World AIDS Day: Love sent to Africa in buckets
Rosemary wouldn't even let her visitors help her put the sheets on her mattress. She wanted to clean her entire house before spreading such a precious gift across her bed.
The bucket and its contents were delivered to Rosemary by CARE for AIDS in Kenya, a partner organization of Baptist Global Response (BGR). As organizations recognize World AIDS Day on Dec. 1, BGR focuses on people -- like Rosemary -- who fight HIV and AIDS every day while trying to care for families.
In the past two years, BGR has sent nearly 6,000 hospice kits, as part of The Bucket Project, to African countries for distribution to sick and terminally ill people and their caregivers. The kits contain items that enhance patients' comfort and improve their caretakers' abilities to tend to them. These simple items include bed sheets, socks, petroleum jelly, vitamins and lip balm -- all packed neatly into buckets.
Duncan Kimani, Kenyan director of CARE for AIDS, said clients have loved each part of the kit, right down to its packaging.
"The bucket itself has been received very well because they use the bucket [for] storage," he said. "They store water or other food stuff, like grain … basically everything included in the buckets has been received very well."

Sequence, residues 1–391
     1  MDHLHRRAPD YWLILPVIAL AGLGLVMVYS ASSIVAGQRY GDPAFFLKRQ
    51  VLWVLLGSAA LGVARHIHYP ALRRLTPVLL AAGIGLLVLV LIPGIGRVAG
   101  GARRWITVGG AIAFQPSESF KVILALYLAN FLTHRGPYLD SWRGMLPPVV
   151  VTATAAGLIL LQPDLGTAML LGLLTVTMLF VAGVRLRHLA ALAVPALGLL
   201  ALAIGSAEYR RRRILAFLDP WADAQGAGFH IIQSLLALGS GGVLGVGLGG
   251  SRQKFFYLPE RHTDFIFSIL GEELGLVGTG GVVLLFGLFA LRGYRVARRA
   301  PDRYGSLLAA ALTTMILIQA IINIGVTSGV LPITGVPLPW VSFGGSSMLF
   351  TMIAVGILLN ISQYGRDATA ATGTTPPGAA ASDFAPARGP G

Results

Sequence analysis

Churches and individuals from all over the United States donate their time and money to purchase and prepare these kits for shipment. BGR then partners with organizations like the International Mission Board and CARE for AIDS to distribute the kits to people in Sub-Saharan Africa, where 24.7 million people lived with HIV in 2013, according to the World Health Organization.
In November, Baptist churches throughout the state of Kentucky delivered 1,458 pre-packed buckets to the Kentucky Baptist Convention (KBC) Annual Meeting, held in Bowling Green, Ky.
"[It's important] to help relieve suffering of those who are at the last stages of their lives," Paul Chitwood, KBC executive director, said.
Kentucky churches donated more than 2,000 buckets to BGR earlier in the year and, this fall, Chitwood said he challenged them to pack more for the annual meeting. He set a goal for those churches to send 800 buckets to the event, but they nearly doubled that amount.
Chitwood said he saw this successful bucket drive as a way for his convention to be a part of BGR's mission.
"We are very grateful for Baptist Global Response and see just tremendous opportunity for Southern Baptists across the state conventions to be able to minister in areas of need," he said.
Lori Funderburk, director of the Bucket Project, said Baptist churches in Missouri have also undertaken a similar challenge. State leadership set a goal to produce 5,000 hospice kits in 2015.
Now, on World AIDS Day, BGR asks Southern Baptists to take a moment to pray for those around the world who live with a disease that warrants these buckets. It also asks them to thank God for the people, organizations and churches who are willing to donate, pack, ship and deliver hospice kits to patients who need them.